22 ministries submit delegated legislation

The Office of the Prime Minister and Council of Ministers in Singha Durbar as captured on Friday, October 14, 2016. Photo: RSS

Kathmandu, July 22 Twenty-two ministries, including Office of the Prime Minister and Council of Ministers, and eight constitutional bodies have submitted delegated legislation to the office of the parliamentary Delegated Management and Government Assurance Committee.

Chair of the committee Ram Narayan Bidari confirmed that the panel had received delegated legislation of the ministries and constitutional bodies.

On March 24, the committee had directed the ministries and constitutional bodies to submit their delegated legislation within a month. But they failed to do so within the allocated time. Even, Nepal Medical Council and Nepal Telecommunication Authority have been asked to submit their delegated legislation.

Delegated laws incorporate office or institutional rules, regulations and by-laws. Based on the parent laws, ministries or constitutional bodies are entitled to draft delegated legislation. These laws must be under the jurisdiction of the main act endorsed by the Parliament. “The Parliament cannot draft all the required rules, regulations and by-laws to run offices or other government bodies. So, the Parliament has given the authority to prepare delegated legislation to the ministries and other government bodies,” said Bidari, adding that there was a chance of misuse of authority if these laws were not cross checked.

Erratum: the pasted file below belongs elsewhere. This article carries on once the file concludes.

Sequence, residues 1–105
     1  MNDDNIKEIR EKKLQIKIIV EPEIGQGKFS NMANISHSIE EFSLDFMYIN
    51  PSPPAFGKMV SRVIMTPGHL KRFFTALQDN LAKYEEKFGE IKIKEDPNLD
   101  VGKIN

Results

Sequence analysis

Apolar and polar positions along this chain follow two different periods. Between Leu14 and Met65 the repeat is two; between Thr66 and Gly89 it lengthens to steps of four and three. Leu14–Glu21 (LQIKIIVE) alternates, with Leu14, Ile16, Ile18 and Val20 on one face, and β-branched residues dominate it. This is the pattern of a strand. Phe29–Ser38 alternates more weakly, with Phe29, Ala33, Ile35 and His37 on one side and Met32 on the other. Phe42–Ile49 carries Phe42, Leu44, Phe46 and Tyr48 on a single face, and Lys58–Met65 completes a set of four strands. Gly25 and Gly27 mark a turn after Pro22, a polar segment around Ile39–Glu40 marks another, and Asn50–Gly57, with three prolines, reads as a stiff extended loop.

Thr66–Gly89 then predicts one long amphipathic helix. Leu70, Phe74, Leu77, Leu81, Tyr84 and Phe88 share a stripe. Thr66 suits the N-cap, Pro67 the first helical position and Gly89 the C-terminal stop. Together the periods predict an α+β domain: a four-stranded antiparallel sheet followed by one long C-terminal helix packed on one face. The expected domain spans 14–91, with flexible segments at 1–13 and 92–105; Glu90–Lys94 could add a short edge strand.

He said his committee would scrutinise all the delegated legislation drafted by the ministries and constitutional bodies before approving them.

Bidari also said even secretaries and ministers didn’t know how many laws they had in their
ministries. So, the committee started inquiry into the delegated legislation and asked the ministries to submit their delegated legislation.

Member of the panel Radheshyam Adhikari said till now they had not gone through the content of  delegated legislation.